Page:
Coming Home means when you come back to the place where you feel yourself most comfortable and where you have the persons and things you most love.
The homeland means the friends since childhood, family & relations that desired you, the neighborhood that shared your pranks, the food that was made by your mother, the fragrances of flowers around you, the climate bringing remembrance of rain, fall, snow, air, warmth and food associated along with the fruits and vegetables of home country, the style of clothing and last but not the least the religious places of family, and the language spoken around you along with the music and songs that reach ones heart more than any other thing.
Thanks for the lovely topic
Well, Home is not a place, cause if it was just a piece of land, British would have made India their home and would never been asked to go back. Or Spaniards would have never had to leave Latin America. It’s more than just land. It’s an attachment. Where you have grown. Where you have fond memories of (considering humans tend to forget bad memories, and fortunately so).Where you have loved someone, a mother, a father, a spouse or a child. Where you can relate to people in the environment ‘cause they look feel and think just like you do. That is home. Is the imbecilic cord that attaches one to his homeland. One you cannot see, but one which is so important.
I came to Canada at the age of 10 with my parents and have lived here in Montreal and Toronto ever since. When I travel home to Germany, I always feel completely at home within a day or two after arrival. I usually get a car at the airport and head out to my hotel in Neu Isenburg or to visit some relatives or friends. My first meal is usually Hand Keese mit Musik and Aepple-Woin. I love the freedom to travel by car and stay in Gasthaeuser when I get tired and hungry. I was born near the North Sea and love to visit the Kiel area where my parents were born and grew up. I still like to visit an old neighbour of mine who still lives in the same house where we grew up. It has been a great adventure of mine when in 2005, I took my daughter around the country in an RV (WoMo) and we camped in some of the most picturesque sections of Germany, especially those areas that were off limits to us in the past. DW has been a great link to my fatherland for me over the past 10 years that I have been fortunate to maintain some of my German language skills and a European perspective of world politics. Unfortunately, I am no longer able to receive DW via internet since Canadian ISP have been dropped from world distribution like US citizen were 3 years ago???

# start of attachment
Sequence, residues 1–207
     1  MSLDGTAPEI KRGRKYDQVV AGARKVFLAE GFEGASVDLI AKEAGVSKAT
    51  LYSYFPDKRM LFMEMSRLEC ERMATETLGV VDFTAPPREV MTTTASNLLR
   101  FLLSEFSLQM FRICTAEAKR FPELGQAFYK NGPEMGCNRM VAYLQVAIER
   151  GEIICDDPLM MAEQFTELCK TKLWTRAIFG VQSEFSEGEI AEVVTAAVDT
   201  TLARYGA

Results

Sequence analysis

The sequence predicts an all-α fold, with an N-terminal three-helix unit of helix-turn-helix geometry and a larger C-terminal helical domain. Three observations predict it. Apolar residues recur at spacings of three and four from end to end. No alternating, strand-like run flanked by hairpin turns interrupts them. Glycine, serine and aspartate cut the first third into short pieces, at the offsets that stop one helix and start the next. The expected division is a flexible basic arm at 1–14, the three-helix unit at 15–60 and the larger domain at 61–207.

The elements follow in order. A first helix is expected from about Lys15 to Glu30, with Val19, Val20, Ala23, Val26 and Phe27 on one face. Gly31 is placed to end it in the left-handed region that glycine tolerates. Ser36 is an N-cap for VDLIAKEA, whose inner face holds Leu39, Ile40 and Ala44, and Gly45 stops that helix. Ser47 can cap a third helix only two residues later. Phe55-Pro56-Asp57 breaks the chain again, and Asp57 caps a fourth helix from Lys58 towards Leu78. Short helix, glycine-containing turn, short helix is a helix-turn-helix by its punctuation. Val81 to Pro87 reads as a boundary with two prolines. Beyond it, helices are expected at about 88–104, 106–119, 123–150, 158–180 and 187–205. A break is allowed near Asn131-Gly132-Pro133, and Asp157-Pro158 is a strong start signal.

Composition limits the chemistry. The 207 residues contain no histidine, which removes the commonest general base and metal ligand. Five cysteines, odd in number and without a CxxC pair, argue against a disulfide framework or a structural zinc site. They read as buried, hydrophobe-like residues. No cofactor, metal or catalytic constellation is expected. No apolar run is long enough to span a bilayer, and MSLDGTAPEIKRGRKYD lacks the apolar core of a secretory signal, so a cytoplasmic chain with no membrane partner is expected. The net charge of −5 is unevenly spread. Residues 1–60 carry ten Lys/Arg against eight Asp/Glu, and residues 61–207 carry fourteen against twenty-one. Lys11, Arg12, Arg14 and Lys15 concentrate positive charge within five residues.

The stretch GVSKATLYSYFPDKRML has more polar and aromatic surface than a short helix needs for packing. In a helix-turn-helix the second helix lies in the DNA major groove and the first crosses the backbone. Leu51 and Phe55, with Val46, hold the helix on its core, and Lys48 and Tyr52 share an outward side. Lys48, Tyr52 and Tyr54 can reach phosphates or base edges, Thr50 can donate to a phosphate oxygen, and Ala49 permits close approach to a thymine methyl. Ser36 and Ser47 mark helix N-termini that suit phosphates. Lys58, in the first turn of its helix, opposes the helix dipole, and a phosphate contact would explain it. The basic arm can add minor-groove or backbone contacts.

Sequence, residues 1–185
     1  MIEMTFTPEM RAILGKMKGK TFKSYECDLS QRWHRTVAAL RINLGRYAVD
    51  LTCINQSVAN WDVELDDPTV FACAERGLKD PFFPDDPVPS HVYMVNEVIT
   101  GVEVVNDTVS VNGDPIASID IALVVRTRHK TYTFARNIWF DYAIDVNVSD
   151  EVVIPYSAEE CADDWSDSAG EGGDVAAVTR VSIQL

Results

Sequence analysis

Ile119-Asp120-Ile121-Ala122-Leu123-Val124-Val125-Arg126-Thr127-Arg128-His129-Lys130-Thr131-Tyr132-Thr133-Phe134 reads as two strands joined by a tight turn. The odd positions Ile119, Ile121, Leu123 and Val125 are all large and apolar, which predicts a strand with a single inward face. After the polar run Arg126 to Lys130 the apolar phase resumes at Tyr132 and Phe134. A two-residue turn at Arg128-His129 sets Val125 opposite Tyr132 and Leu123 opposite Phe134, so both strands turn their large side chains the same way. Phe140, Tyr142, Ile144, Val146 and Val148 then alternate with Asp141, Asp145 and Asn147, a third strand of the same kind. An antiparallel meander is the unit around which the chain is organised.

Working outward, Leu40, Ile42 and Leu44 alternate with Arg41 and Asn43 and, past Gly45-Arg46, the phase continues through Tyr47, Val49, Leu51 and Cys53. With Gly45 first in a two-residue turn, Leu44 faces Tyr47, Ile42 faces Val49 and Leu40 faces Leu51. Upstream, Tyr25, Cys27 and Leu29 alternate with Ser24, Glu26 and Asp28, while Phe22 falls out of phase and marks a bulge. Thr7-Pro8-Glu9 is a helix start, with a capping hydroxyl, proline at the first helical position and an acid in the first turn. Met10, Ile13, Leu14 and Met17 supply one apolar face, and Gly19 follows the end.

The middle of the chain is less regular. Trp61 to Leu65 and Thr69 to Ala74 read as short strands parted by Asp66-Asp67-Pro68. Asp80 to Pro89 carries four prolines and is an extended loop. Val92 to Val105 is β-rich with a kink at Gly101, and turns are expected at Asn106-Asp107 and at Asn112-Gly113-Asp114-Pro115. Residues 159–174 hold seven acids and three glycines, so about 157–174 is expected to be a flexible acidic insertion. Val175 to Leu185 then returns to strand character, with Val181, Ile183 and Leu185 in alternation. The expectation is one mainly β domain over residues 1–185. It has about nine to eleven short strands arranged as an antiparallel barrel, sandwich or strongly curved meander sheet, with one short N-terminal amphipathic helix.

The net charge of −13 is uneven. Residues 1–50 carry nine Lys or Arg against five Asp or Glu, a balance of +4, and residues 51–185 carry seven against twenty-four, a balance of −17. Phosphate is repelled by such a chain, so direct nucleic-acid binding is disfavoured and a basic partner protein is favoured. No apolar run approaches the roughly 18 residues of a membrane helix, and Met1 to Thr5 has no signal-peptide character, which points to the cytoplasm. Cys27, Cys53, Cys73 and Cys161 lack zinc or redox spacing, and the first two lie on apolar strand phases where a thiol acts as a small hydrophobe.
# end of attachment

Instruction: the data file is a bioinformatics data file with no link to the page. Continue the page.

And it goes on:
When the hotel clerk in Vienna said I can not believe that you have lived in North America over 50 years, you have no accent. When I meet an old school friend on a streetcar and finish a conversation we had the last time we met. When I walk through the woods to reach my old schoolhouse and church where I spent my formative years. When I get together with my girlfriends again and catch up on all our lives developments over a cup of coffee and cake. When I visit the cemetery to light a candle and have a conversation on the graves of the loved ones that have passed on. When I hear the church bells ringing. When I find an old store that I remember from my youth that has not been modernized and still carries the same Merchandise. When I feel the cobblestones under my feet again and hear familiar sounds I am home again.